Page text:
Akari is a Japanese term meaning light as illumination that also implies weightlessness. The fabrication of Akari was initiated by Isamu Noguchi as he learned the traditional ways in Gifu, Japan. He utilized traditional Japanese materials in order to create modern designs.
“Noguchi wrote Akari are “poetic, ephemeral, and tentative.” And he was fond of saying, “All that you require to start a home are a room, a tatami, and Akari.””
The Process: Bamboo ribbing is stretched across sculptural molded wood forms. The washi paper is cut into strips and glued onto both sides of the framework. Once the glue has dried and the shape is set, the internal wooden form is disassembled and removed. The outcome is a resilient paper form, which can be collapsed and packed flat for shipping.
With much time in our homes right now, maybe we need to start rethinking our spaces and lightings. Akari lamps bring in a light, warm, and inviting glow in our homes. May it be on the floor or hung on the ceiling, it simply illuminates the room without distracting any bold item. The soft light it provides muted by the Akari material makes it feel more like a warm hug.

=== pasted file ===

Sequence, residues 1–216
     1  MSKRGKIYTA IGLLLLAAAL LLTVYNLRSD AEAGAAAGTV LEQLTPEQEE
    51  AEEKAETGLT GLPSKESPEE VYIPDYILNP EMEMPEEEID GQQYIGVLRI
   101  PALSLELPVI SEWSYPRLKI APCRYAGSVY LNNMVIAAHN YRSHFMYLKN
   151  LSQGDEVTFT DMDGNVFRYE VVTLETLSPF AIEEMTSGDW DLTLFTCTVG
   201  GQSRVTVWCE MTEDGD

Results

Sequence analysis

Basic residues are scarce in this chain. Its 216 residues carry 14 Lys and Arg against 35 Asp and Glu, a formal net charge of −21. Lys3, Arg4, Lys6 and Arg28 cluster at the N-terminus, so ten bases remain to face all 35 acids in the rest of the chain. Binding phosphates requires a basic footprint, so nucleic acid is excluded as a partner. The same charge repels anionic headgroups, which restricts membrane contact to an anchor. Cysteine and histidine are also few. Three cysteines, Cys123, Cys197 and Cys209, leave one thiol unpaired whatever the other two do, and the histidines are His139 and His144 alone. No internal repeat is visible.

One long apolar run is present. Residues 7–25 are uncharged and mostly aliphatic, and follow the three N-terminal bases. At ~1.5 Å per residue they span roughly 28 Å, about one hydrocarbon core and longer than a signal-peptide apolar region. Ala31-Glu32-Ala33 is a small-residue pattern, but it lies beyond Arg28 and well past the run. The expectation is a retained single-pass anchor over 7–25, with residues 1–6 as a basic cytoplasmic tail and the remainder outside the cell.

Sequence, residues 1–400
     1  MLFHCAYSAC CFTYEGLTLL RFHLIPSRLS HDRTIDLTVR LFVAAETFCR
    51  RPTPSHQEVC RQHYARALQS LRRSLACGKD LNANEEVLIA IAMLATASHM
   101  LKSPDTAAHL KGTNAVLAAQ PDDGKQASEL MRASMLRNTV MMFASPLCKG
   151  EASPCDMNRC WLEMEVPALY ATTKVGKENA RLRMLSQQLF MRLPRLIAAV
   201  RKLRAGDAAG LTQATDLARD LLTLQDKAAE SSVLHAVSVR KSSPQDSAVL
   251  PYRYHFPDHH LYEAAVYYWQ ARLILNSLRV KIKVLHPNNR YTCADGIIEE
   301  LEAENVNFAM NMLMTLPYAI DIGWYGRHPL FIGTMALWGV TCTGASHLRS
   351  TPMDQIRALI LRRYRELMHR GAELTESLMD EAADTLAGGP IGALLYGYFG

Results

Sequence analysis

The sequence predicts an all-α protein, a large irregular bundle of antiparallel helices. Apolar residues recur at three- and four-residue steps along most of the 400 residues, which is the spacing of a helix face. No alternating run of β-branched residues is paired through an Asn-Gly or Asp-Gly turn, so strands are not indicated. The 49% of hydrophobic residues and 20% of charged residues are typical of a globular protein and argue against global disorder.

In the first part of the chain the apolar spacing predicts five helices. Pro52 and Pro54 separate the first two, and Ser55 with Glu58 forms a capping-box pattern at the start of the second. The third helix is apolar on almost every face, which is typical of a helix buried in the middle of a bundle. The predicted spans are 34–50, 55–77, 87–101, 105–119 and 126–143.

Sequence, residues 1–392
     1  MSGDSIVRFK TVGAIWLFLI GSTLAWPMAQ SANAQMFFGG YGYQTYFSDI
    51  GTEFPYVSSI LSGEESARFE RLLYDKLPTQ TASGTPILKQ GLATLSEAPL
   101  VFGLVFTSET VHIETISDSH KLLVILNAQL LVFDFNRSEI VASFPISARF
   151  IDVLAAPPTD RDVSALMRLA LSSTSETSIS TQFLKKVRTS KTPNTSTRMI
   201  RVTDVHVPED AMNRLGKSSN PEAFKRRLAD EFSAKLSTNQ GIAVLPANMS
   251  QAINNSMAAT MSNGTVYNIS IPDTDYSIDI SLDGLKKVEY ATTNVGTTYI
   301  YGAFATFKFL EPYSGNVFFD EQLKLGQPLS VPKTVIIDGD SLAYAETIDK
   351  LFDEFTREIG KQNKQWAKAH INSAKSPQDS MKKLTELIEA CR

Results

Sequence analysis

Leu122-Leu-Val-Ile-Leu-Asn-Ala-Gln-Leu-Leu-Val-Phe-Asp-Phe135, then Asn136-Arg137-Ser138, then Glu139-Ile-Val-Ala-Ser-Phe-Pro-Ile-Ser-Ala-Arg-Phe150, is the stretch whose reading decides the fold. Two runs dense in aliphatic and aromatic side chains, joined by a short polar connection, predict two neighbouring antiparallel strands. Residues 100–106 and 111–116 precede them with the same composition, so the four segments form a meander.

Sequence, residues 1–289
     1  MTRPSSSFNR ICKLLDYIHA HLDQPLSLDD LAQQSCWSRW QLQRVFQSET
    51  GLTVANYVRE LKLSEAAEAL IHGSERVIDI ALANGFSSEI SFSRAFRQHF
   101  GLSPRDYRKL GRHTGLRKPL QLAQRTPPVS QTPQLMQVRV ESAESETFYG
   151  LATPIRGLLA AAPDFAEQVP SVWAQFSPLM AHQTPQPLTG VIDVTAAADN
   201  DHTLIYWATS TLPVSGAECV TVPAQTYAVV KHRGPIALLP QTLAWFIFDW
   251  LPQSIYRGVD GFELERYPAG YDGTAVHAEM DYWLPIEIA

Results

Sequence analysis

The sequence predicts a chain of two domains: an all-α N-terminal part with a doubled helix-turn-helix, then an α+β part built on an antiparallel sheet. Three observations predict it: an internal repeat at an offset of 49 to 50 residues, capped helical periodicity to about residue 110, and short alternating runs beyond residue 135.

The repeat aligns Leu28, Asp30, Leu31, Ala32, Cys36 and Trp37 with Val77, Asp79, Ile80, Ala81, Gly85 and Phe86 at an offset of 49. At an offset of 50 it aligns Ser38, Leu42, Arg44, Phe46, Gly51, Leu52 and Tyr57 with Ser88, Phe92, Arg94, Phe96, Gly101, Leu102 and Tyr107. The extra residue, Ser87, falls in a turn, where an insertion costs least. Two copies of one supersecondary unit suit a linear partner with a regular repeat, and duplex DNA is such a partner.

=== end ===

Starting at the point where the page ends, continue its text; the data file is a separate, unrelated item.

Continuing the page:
For almost seven decades, Akari light sculptures are created by Ozeki & Co. –the original manufacturer. It can also be purchased directly from the Noguchi Museum Shop and Museum of Modern Art. Prices range from USD175 to USD1800, and is available in small to large sizes. Its shapes and sizes range from modernists forms, amoeba-esque blobs, and spherical shapes.